Minnesota Lawyer (Dec. 24, 2012, subscription required) has an interested article regarding Minn. Stat. 256B.0659 (2011). In 2011, the Minnesota legislature passed a bill stating that non relative personal care attendants were to receive a pay rate of 80% of the non relative pay. In other words, relative personal care attendants would receive a 30% pay cut. In Healthstar v. Home Health, Inc. v. Jesson, the Court of Appeals reversed the Ramsey District Court decision. The court struck down the statute.
The court held that the statute did not meet the prong of showing that the bill was not manifestly arbitrary of fanciful, but that it must be genuine and substantial. The court stated that the commissioner’s argument was “based on an assumption that relative PCAs will continue to provide care even if affected by a pay cut.”
The court further stated that “the rationale for the distinction advanced by respondent is based purely on assumptions rather than facts, including the apparently unchallenged assumption that a moral obligation to provide care for a relative necessarily equates to a moral obligation to personally provide such care at a lower rate of pay than a nonrelative PCA would receive for the same work.”
The Court of Appeals also held that the statute did not meet the prong that the classification must be genuine or relevant to the purpose of the law. The court stated that the commissioner did not show any facts in support of its assumption.
Alternative Concepts, 358 NLRB No. 38 April 27, 2012, is an interesting case. The Board reaffirms the Oakwood line of cases and summarizes the applicable law as follows:
The Board set out the analytical framework for determiningsupervisory status in Oakwood Healthcare, 348 NLRB 686 2006, in which it defined the statutory terms“assign,” “responsibly to direct,” and “independentjudgment.” See also Croft Metals, 348 NLRB 717, 721–722 2006, and Golden Crest Healthcare Center, 348NLRB 727, 728, 731 2006. The burden of provingsupervisory status rests on the party asserting that suchstatus exists. Oakwood Healthcare, 348 NLRB at 694,citing Dean & Deluca New York, 338 NLRB 1046, 10472003. The party seeking to prove supervisory statusmust establish it by a preponderance of the evidence. Id.at 1047–1048; Springfield Terrace LTD, 355 NLRB 937,941 2010. Mere inferences or conclusionary statements,without detailed, specific evidence, are insufficientto establish supervisory authority. Golden CrestHealthcare Center, 348 NLRB at 731; Lynwood Manor,350 NLRB 489, 490 2007.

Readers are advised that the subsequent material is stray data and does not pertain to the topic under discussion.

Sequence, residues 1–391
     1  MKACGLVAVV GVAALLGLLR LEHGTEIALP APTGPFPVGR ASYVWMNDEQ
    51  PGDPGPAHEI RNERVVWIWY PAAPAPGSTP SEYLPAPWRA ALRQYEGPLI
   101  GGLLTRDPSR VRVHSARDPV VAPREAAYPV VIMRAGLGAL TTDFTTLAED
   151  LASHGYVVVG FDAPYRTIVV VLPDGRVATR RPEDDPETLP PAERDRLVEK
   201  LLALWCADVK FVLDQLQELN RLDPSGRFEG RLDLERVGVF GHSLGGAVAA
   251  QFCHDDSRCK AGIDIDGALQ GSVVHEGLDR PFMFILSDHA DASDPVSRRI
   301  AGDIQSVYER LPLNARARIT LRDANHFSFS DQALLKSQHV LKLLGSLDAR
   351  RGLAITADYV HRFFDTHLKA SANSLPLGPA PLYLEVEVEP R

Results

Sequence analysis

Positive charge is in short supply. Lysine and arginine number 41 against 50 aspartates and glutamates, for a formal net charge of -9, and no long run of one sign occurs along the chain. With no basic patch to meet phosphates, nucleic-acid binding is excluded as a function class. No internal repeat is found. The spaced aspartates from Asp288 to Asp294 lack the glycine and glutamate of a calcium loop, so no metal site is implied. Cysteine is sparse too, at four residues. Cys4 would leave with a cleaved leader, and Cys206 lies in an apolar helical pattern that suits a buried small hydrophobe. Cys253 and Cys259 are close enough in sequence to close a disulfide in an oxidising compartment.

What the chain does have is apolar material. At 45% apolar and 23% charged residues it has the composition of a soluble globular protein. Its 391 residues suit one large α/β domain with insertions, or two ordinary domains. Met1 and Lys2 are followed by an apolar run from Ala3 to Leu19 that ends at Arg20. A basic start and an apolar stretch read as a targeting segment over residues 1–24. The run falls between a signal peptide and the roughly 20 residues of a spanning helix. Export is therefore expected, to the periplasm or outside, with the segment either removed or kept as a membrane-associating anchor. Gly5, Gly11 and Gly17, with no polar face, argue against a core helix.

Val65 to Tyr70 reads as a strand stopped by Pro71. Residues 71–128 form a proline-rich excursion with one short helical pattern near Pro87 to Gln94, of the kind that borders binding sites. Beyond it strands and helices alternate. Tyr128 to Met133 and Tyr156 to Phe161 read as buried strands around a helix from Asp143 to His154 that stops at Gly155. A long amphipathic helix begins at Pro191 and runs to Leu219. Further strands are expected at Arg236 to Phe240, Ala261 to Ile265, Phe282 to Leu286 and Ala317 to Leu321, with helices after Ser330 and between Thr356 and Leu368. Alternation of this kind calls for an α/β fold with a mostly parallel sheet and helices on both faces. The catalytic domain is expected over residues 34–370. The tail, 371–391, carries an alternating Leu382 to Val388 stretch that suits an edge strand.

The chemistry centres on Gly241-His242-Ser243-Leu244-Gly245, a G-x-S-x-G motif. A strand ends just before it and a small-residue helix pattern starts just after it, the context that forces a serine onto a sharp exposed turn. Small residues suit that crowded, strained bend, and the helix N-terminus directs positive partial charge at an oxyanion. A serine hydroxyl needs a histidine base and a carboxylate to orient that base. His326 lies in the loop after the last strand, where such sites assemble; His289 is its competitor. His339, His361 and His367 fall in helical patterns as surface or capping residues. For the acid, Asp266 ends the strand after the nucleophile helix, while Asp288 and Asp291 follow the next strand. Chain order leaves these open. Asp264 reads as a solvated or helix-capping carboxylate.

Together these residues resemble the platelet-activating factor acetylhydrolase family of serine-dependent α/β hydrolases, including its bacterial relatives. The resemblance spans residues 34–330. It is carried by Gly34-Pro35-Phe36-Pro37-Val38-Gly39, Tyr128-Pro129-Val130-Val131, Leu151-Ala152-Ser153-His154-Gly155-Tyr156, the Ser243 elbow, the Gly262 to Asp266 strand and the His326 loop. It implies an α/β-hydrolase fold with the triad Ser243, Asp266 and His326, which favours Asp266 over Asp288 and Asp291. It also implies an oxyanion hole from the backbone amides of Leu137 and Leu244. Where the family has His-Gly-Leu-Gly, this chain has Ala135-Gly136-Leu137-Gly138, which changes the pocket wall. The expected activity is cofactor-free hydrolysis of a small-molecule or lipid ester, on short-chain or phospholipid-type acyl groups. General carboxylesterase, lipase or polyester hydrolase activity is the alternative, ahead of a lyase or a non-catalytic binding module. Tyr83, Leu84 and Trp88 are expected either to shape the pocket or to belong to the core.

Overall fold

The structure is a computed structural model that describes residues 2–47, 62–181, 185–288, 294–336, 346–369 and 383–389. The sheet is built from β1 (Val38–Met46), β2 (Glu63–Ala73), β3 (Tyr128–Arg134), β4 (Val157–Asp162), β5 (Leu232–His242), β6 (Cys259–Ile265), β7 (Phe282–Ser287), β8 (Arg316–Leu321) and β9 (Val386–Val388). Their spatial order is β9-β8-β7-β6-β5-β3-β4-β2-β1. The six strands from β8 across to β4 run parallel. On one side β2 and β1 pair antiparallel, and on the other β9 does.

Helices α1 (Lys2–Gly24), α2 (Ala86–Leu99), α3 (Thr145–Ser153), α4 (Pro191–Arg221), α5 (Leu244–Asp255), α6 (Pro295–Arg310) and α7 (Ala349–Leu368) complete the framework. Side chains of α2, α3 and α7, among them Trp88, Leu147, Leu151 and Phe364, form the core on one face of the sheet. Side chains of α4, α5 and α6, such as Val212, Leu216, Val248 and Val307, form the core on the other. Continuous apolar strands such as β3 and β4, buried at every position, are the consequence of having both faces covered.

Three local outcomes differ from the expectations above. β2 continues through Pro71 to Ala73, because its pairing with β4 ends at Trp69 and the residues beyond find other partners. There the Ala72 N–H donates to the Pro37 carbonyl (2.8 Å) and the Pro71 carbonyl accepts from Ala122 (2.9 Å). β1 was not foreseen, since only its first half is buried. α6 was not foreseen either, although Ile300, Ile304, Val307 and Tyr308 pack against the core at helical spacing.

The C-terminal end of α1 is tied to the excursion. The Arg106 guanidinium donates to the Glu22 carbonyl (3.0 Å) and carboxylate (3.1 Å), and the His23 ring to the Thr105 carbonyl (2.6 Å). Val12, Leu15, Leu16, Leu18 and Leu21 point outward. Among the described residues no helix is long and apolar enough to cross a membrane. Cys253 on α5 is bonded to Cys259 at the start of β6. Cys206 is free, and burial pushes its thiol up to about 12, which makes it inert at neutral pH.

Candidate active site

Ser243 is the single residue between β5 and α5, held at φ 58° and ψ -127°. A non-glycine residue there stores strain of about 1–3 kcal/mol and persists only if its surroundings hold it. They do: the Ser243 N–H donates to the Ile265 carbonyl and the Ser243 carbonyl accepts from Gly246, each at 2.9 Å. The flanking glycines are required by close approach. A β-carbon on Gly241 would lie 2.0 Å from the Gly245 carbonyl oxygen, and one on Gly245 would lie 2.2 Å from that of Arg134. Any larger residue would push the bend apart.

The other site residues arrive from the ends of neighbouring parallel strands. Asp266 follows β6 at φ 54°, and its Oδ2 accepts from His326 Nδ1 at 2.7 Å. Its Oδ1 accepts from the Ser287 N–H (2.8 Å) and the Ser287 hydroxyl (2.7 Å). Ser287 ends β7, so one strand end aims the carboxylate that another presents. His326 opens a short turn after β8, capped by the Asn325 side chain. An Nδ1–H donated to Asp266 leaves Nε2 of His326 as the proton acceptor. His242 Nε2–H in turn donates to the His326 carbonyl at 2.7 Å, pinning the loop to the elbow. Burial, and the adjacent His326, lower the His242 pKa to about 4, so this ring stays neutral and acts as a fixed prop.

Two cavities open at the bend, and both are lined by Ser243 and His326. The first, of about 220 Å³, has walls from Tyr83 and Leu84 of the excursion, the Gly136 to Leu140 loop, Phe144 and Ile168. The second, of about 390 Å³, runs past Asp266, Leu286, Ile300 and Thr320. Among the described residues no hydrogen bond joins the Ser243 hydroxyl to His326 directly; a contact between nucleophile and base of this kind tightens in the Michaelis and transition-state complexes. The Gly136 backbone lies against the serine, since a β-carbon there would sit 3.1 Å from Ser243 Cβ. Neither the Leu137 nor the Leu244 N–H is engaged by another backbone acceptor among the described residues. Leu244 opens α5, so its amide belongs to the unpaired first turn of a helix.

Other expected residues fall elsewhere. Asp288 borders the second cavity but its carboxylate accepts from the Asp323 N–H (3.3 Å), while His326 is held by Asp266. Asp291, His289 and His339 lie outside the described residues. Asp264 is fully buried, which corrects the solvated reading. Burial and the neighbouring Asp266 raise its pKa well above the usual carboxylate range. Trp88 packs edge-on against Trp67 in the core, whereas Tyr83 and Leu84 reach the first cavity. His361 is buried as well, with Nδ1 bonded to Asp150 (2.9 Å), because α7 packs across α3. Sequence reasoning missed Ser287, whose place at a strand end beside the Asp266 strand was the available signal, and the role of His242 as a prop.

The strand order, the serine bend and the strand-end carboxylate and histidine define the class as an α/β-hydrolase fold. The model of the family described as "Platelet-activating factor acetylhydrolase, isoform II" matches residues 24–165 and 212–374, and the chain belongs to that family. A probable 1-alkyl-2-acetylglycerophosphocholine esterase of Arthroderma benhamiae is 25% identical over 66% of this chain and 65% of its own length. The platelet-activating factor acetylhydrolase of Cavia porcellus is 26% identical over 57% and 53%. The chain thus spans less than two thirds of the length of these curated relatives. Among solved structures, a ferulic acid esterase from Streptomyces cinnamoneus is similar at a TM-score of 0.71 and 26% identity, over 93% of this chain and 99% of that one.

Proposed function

Like the other statutory indicia of supervisory status,the authority to assign and responsibly to direct otheremployees are not determinative of supervisory statusunless they are exercised using independent judgment.To exercise “independent judgment,” an individual mustact or effectively recommend action “free of the controlof others,” using a degree of discretion rising above “themerely routine or clerical.” Oakwood Healthcare, 348NLRB at 693.In Oakwood Healthcare, 348 NLRB at 689, the Boardexplained that assignment means designating an employeeto a place such as a location, department, orwing, appointing an employee to a time such as a shiftor overtime period, or giving an employee significantoverall duties as opposed to ad hoc instructions that theemployee perform a discrete task. There must be specificevidence that a putative supervisor “has the abilityto require that a certain action be taken; supervisory authorityis not established where the putative supervisorhas the authority merely to request that a certain actionbe taken.” Golden Crest Healthcare Center, 348 NLRBat 729.The Board in Oakwood Healthcare, 348 NLRB at 691,also interpreted the meaning of the phrase “responsiblyto direct”: “If a person on the shop floor has ‘men underhim,’ and if that person decides ‘what job shall be undertakennext or who shall do it,’ that person is a supervisor,provided that the direction is both ‘responsible’ and carriedout with independent judgment.” The Board furtherheld that, for direction to be “responsibl[e],” the persondirecting the performance of a task must be accountablefor its performance. To establish accountability for purposesof responsible direction, the party with the burdenof proof must show that “the employer delegated to theputative supervisor the authority to direct the work [ofothers] and the authority to take corrective action, if necessary,”and also that “there is a prospect of adverse consequencesfor the putative supervisor” if the putativesupervisor “does not take these steps.”12 Id. at 692. Evidenceof actual accountability must be present to proveresponsible direction. Alstyle Apparel, 351 NLRB 1287,1287 2007; Golden Crest Healthcare Center, 348 NLRB at 731.B.We find that neither the crew dispatchers nor line controllers are statutory supervisors.
via Adjunct Law Prof Blog: NLRB Issues Primer On Supervisory Status.
Filed under labor, NLRB, union